- Middle schools also would earn points for students’ college readiness based on EXPLORE test results.
- High schools would earn points for student achievement as measured on end-of-course exams; PLAN and ACT scores; college- and career-readiness rate; and graduation rate. In addition, the department is investigating the use of PLAN and ACT to determine student growth at the high school level.
The proposed growth calculation is designed to measure a student’s growth in learning each year as compared to the student’s academic peers. So, higher-performing students’ scores are compared against other high-scoring students, while lower-performing students’ scores are compared against other lower-scoring students’ scores.
Under the achievement portion of the original plan, each student who scores proficient or distinguished earned one point. The board agreed that it did not want both proficient and distinguished students counted equally.
Holliday said “the field” proposed awarding points for each student who scores distinguished, while subtracting the same number of points for each novice. So, for instance, distinguished students might count for 1.5 points, while novice students would count for -0.5 points.
The board agreed with that idea.
Under the proposed model, high schools will be expected to meet annual targets based on how far they are from achieving a goal of a 90 percent graduation rate by 2015.
In addition to focusing on student performance, the accountability proposal also includes factors for teacher and school leader effectiveness, and the results of a working conditions survey and program reviews.
Program reviews have been written for three areas: arts and humanities, practical living and career studies and writing. Rather than testing students to see what they have learned, schools gather evidence about how they integrated the subjects across their curricula and whether they provided students with opportunities to learn.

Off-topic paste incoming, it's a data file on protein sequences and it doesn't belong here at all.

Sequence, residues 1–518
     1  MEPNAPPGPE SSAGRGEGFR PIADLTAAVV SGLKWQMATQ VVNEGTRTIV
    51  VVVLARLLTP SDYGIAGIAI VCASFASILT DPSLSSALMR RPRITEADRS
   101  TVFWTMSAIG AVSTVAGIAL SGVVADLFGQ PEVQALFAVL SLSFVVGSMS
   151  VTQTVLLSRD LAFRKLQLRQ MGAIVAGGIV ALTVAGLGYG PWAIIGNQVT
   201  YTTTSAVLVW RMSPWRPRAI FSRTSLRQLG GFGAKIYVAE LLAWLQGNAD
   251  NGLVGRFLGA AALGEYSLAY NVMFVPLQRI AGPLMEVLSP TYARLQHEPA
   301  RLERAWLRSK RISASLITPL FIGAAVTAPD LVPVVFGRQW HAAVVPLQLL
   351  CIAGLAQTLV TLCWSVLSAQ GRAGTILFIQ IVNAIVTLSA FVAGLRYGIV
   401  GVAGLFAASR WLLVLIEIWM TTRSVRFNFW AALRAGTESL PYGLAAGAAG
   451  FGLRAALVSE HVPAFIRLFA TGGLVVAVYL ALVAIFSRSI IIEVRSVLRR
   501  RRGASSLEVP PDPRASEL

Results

The board discussed adding a fourth program review in world languages, separating it from arts and humanities.
Several educators and parents from the Frankfort Independent school district appeared before the board to request that world languages be separated from arts and humanities and given its own program review.
Jocelyne Waddle, Frankfort High School (Frankfort Independent) teacher and president-elect of the Kentucky World Language Association, told the board that separating world language from arts and humanities is vital.
“We cannot be assessed in the same way,” she said.
Holliday reminded the board that program reviews require teachers to compile evidence throughout the year to evaluate their programs.
“Teachers are going to have to do this work,” he said.
Creating a separate program review “sounds good up here until you get to be a principal in a school, and you’ve got one art person, one band director and one PE teacher, and you give them this big ol’ clump of paper and you say, ‘Pull together all this evidence and make sure that it’s done,’” Holliday said.
“Program review work eventually becomes the work of every teacher and then the work of every teacher … will eventually be tied to teacher effectiveness and evaluation systems,” he continued.
Board member Dorrie Combs said she doesn’t think the board should be worried about that issue.
“I want to make sure that what we say to schools is, ‘You’ve got to be teaching world language,’” she said.
Holliday said he would bring feedback from educators back to the board in February, at which time it can decide whether to create a new program review for world languages.
The board will review the assessment and accountability system again at its February meeting.
The Kentucky Board of Education’s next regular meeting is scheduled for Feb. 1 in Frankfort.